What is Adhik Maas?

You would have heard a lot of people talk right now that the Adhik Maas has started. It has different names, so you could have heard any of them – Adhik Maas, Mal Maas, Purushottam Mahina, Malimmacha, Leap Month, etc. Like me, you could also be very confused as to how a year can have a whole extra month! A leap year having an extra day every four years is still understandable, but a whole extra month! Now, where did that come from! As if the Hindu calendar wasn’t complex enough to understand!

Well, the important thing to note here is that the Hindu calendar makes for both solar and lunar reckoning. So, to keep the two (solar and lunar) in sync, months and days are sometimes added and sometimes omitted to keep a balance. In other words, the Hindu calendar is a lunisolar time reckoning system. This means that the Hindu calendar attempts to correctly reflect the apparent movements of both the Sun and the Moon over long periods. The calendar’s solar strand is primarily based on the length of a typical tropical year – the time it takes for the Earth to revolve around the Sun. Similarly, the calendar’s lunar strand is primarily based on the lunar month – the time it takes for the Moon to revolve around the Earth. Now, this is where the discrepancy arises. A tropical year is roughly 11 days longer than the 12 lunar months. This discrepancy is managed in the Hindu calendar by two means – leap days and leap months. Moreover, this discrepancy is not limited to just these 11 days. There are many other days in between that get added and omitted as well which widen the discrepancy even further (they might also reduce it in some years).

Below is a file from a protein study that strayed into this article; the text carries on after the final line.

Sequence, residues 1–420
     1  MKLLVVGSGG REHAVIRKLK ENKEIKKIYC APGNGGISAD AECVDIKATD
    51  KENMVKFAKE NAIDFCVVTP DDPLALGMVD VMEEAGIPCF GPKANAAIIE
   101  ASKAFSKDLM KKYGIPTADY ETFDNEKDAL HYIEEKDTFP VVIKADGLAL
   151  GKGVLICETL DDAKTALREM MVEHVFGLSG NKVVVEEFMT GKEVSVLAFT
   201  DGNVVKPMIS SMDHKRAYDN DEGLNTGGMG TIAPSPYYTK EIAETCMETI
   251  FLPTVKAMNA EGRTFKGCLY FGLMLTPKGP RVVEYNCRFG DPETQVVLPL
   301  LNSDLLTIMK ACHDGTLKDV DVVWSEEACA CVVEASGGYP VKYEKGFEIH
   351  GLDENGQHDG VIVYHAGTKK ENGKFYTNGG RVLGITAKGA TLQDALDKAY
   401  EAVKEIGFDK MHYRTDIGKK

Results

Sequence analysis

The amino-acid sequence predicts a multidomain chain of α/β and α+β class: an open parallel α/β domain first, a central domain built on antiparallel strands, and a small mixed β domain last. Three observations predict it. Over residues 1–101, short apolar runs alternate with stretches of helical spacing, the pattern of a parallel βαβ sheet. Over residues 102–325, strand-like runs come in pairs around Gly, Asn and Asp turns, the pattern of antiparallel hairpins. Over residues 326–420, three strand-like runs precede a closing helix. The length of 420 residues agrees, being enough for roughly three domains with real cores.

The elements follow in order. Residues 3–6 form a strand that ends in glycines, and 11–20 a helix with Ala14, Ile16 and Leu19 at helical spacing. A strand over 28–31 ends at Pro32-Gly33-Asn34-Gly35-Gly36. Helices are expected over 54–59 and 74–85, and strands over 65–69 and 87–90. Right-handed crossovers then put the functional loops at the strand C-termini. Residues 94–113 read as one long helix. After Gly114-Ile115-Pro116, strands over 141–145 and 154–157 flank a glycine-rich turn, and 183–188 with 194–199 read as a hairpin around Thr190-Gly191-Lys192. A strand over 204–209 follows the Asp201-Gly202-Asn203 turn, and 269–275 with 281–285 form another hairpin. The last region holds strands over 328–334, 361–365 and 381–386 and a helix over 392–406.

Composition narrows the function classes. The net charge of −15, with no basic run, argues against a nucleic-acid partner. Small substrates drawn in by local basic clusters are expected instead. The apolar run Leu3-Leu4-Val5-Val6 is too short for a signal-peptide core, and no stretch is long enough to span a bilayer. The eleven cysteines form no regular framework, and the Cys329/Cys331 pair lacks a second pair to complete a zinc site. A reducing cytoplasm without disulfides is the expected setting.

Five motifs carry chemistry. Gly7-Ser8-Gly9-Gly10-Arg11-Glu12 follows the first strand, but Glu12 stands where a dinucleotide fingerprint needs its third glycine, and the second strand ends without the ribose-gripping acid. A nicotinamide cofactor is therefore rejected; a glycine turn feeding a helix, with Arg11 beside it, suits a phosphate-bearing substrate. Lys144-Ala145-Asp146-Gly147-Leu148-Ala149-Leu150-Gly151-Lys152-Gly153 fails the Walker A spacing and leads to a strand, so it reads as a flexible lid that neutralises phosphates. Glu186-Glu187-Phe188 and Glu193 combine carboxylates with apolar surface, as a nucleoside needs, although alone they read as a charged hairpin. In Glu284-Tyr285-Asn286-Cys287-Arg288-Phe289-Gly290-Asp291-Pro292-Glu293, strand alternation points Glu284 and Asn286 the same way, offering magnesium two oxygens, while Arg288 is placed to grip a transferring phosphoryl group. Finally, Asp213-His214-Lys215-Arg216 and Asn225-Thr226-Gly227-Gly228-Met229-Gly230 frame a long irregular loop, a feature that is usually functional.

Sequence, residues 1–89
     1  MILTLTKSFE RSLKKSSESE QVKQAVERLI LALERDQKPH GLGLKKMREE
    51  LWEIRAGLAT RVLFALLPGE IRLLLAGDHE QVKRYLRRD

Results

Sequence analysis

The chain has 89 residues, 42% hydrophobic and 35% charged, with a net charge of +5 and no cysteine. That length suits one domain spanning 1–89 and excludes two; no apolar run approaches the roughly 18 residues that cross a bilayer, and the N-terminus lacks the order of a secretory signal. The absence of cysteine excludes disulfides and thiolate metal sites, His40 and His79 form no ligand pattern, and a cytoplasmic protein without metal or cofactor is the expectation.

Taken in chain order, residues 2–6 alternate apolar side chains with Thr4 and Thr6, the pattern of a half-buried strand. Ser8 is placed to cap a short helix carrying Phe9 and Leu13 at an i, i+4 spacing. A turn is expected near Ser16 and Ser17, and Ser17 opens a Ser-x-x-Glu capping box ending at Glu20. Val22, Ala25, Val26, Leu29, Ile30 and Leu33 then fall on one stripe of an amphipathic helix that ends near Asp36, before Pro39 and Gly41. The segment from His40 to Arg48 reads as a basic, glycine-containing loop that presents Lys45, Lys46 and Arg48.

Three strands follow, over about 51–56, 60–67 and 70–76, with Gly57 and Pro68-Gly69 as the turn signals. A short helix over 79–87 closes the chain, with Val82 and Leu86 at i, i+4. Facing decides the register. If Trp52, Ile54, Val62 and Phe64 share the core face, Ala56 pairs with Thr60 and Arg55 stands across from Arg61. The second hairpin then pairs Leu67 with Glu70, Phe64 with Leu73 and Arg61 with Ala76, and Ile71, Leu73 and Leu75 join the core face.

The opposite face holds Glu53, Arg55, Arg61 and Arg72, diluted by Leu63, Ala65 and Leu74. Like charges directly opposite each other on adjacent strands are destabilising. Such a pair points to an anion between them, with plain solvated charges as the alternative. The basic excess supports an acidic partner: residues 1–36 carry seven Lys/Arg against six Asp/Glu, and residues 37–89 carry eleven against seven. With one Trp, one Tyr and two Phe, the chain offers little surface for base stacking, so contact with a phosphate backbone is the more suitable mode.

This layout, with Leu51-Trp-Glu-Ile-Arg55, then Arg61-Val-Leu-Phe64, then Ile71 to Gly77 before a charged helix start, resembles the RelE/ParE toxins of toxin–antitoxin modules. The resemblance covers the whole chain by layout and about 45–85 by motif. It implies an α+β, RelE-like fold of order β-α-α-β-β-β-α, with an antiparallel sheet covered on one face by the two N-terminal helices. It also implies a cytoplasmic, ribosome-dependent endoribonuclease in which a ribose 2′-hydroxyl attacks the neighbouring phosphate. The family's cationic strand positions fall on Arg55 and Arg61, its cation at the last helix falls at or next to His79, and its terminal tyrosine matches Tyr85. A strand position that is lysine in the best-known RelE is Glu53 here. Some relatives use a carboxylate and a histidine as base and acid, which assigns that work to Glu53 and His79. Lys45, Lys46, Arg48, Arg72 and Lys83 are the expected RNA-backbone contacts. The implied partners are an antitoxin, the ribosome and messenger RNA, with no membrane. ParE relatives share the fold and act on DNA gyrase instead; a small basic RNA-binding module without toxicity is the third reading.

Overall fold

Unlike the leap day in the Gregorian Calendar which always falls on 29 February every 4 years, the leap months and leap days can be added anywhere in the calendar. Plus, they can not only be added but they can also be omitted. There are regional variations in the rules governing this addition and omission, but more or less there are a lot of similarities in these rules.

Rules of Leap Months or Adhik Maas

There are 12 zodiac signs or rashis –

  • Aries or Mesh
  • Taurus or Vrushabh
  • Gemini or Mithun
  • Cancer or Kark
  • Leo or Sinha
  • Virgo or Kanya
  • Libra or Tula
  • Scorpio or Vrushchhik
  • Sagittarius or Dhanu
  • Capricorn or Makar
  • Aquarius or Kumbha
  • Pisces or Meen

These 12 rashis are the stellar constellations along the apparent path of the Sun during a topical year. These rashis define our solar months. Whenever the Sun enters a new rashi or zodiac sign, it is considered to be the beginning of a new solar month.

When is the Adhik Maas added to our calendars?